Presentation on theme: "Part 8: WDM SYSTEM. Multiplexing is a term that is used to describe the concept of bringing together several (and sometimes many) independent communications."— Presentation transcript:
Part 8: WDM SYSTEM
Multiplexing is a term that is used to describe the concept of bringing together several (and sometimes many) independent communications streams (such as telephone calls or computer data streams) into single stream. One of the major benefits of optical communication systems is that they can carry data at extremely high bit rates. Commercial systems operating at 10Gigabits/second are available. This means that many thousands of voice channels can be simultaneously carried. Despite this, even higher system data rates are demanded, due to the explosion of services such as video links, Internet, computer networking, etc. As the required system capacity increases, it is economically advantageous to bring together many lower data rate signals and combine them into a higher data rate system. There are three main multiplexing schemes used in optical communications : (i) Optical Time division multiplexing (OTDM) (ii) Optical frequency division multiplexing (OFDM) or Wavelength division multiplexing (WDM) (iii) Sub carrier multiplexing (SCM) The decision to use either one of the multiplexing schemes is determined by the business needs of the company deploying the system. Multiplexing Schemes
Time Division Multiplexing (TDM) The high speed channel probably will be a combination of many lower-speed signals, since very few individual applications today utilize this high bandwidth. These lower-speed channels are multiplexed together in time to form a higher-speed channel. This TDM can be accomplished in the electrical or optical domain, with each lower-speed channel transmitting a bit (or allocation of bits known as a packet) in a given time slot and the waiting its turn to transmit another bit (or packet) after all the other channels have had their opportunity to transmit. TDM is quite popular with todays electrical networks, and is fairly straightforward to implement in an optical network at < 100-Gbps speeds.
Time-Division Multiplexing (TDM) In time-division multiplexing, time on the information channel, or fiber, is shared among the many data sources. The multiplexer MUX can be described as a type of rotary switch, which rotates at a very high speed, individually connecting each input to the communication channel for a fixed period of time. The process is reversed on the output with a device known as a demultiplexer, or DEMUX. After each channel has been sequentially connected, the process repeats itself. One complete cycle is known as a frame. To ensure that each channel on the input is connected to its corresponding channel on the output, start and stop frames are added to synchronize the input with the output. TDM systems may send information using any of the digital modulation schemes described (analog multiplexing systems also exist). This is illustrated in the figure.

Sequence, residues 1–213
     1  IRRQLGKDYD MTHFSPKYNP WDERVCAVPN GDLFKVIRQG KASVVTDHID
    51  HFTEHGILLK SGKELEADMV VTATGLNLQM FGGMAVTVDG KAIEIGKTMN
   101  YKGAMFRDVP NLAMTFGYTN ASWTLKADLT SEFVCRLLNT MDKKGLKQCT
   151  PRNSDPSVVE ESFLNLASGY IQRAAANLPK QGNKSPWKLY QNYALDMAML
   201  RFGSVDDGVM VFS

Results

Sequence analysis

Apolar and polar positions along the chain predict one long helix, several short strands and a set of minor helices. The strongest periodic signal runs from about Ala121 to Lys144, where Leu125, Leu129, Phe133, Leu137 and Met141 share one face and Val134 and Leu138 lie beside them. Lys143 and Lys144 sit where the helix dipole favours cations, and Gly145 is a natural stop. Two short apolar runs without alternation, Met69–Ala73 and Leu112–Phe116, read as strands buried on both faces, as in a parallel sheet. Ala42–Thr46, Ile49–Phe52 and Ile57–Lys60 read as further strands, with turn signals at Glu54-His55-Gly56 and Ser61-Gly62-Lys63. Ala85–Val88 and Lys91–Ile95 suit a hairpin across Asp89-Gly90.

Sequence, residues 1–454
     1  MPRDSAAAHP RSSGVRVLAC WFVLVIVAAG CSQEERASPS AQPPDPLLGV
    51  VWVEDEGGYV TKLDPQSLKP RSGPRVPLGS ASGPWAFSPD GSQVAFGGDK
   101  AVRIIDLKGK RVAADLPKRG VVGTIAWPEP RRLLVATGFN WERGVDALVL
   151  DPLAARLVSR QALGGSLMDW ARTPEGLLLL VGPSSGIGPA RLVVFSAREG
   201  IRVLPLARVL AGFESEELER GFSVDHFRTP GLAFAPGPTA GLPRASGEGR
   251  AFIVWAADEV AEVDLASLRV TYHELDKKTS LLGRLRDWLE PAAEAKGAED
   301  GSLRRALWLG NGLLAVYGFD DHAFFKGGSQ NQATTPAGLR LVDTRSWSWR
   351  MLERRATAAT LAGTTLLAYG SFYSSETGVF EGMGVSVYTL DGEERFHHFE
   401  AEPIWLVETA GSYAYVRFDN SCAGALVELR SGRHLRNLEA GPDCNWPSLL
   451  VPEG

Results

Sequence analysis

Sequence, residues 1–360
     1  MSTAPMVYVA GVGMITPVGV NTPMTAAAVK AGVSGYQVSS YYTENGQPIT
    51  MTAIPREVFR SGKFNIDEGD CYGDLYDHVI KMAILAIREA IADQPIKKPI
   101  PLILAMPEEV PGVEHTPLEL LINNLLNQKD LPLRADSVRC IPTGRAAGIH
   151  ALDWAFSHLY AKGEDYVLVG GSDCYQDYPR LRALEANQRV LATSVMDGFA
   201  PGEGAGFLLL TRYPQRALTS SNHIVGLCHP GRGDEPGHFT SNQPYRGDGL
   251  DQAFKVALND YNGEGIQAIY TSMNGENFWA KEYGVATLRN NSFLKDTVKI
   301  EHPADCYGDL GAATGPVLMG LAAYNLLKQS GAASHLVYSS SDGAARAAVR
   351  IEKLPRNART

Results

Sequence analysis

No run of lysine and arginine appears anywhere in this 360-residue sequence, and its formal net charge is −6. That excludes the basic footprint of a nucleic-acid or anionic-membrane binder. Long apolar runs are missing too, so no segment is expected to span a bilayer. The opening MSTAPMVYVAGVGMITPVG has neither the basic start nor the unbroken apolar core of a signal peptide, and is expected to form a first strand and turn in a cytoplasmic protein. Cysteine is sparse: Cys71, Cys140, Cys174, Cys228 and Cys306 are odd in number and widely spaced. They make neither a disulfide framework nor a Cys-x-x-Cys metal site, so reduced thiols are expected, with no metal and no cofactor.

WDM In WDM, several baseband-modulated channels are transmitted along a single fiber but with each channel located at a different wavelength. Each of N different wavelength laser is operating at the slower Gbps speed, but the aggregate system is transmitting at N times the individual laser speed, providing a significant capacity enhancement. The WDM channels are separated in wavelength to avoid cross-talk when they are (de)multiplexed or individually recovered by WSCs. Each WDM channel may contain a set of even slower time-multiplexed channels.
Development of WDM Technology Early WDM began in the late 1980s using the two widely spaced wavelengths in the 1310 nm and 1550 nm (or 850 nm and 1310 nm) regions, sometimes called wideband WDM. See figure 1 The early 1990s saw a second generation of WDM, sometimes called narrowband WDM, in which two to eight channels were used. These channels were now spaced at an interval of about 400 GHz in the 1550-nm window. By the mid-1990s, dense WDM (DWDM) systems were emerging with 16 to 40 channels and spacing from 100 to 200 GHz. By the late 1990s DWDM systems had evolved to the point where they were capable of 64 to 160 parallel channels, densely packed at 50 or even 25 GHz intervals.
Evolution of DWDM
The most important components of any DWDM system are transmitters, receivers, Erbium-doped fiber Amplifiers, DWDM multiplexors and DWDM demultiplexors. The figure gives the structure of a typical DWDM system. DWDM system
Components of DWDM system DWDM is a core technology in an optical transport network. The essential components of DWDM can be classified by their place in the system as follows: –On the transmit side, lasers with precise, stable wavelengths –On the link, optical fiber that exhibits low loss and transmission performance in the relevant wavelength spectra, in addition to flat-gain optical amplifiers to boost the signal on longer spans –On the receive side, photodetectors and optical demultiplexers using thin film filters or diffractive elements –Optical add/drop multiplexers and optical cross-connect components